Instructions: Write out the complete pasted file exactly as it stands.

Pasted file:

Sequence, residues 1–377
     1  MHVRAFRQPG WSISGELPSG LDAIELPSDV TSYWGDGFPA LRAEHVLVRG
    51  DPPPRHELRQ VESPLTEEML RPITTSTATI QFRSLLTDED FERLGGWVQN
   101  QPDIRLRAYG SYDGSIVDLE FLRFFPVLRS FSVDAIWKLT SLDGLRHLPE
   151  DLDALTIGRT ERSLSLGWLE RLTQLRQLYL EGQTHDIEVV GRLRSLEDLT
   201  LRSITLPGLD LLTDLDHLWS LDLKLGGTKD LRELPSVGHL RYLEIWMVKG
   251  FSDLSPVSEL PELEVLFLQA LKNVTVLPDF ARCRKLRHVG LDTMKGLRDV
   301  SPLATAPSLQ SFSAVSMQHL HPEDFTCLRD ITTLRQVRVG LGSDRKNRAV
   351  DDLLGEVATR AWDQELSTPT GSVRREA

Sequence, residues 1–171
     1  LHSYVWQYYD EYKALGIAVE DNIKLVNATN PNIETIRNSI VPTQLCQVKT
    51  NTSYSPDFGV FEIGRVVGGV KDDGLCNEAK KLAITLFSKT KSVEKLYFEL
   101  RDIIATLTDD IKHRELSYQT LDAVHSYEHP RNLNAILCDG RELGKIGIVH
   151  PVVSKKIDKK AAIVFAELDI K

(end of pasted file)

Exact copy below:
Sequence, residues 1–377
     1  MHVRAFRQPG WSISGELPSG LDAIELPSDV TSYWGDGFPA LRAEHVLVRG
    51  DPPPRHELRQ VESPLTEEML RPITTSTATI QFRSLLTDED FERLGGWVQN
   101  QPDIRLRAYG SYDGSIVDLE FLRFFPVLRS FSVDAIWKLT SLDGLRHLPE
   151  DLDALTIGRT ERSLSLGWLE RLTQLRQLYL EGQTHDIEVV GRLRSLEDLT
   201  LRSITLPGLD LLTDLDHLWS LDLKLGGTKD LRELPSVGHL RYLEIWMVKG
   251  FSDLSPVSEL PELEVLFLQA LKNVTVLPDF ARCRKLRHVG LDTMKGLRDV
   301  SPLATAPSLQ SFSAVSMQHL HPEDFTCLRD ITTLRQVRVG LGSDRKNRAV
   351  DDLLGEVATR AWDQELSTPT GSVRREA

Sequence, residues 1–171
     1  LHSYVWQYYD EYKALGIAVE DNIKLVNATN PNIETIRNSI VPTQLCQVKT
    51  NTSYSPDFGV FEIGRVVGGV KDDGLCNEAK KLAITLFSKT KSVEKLYFEL
   101  RDIIATLTDD IKHRELSYQT LDAVHSYEHP RNLNAILCDG RELGKIGIVH
   151  PVVSKKIDKK AAIVFAELDI K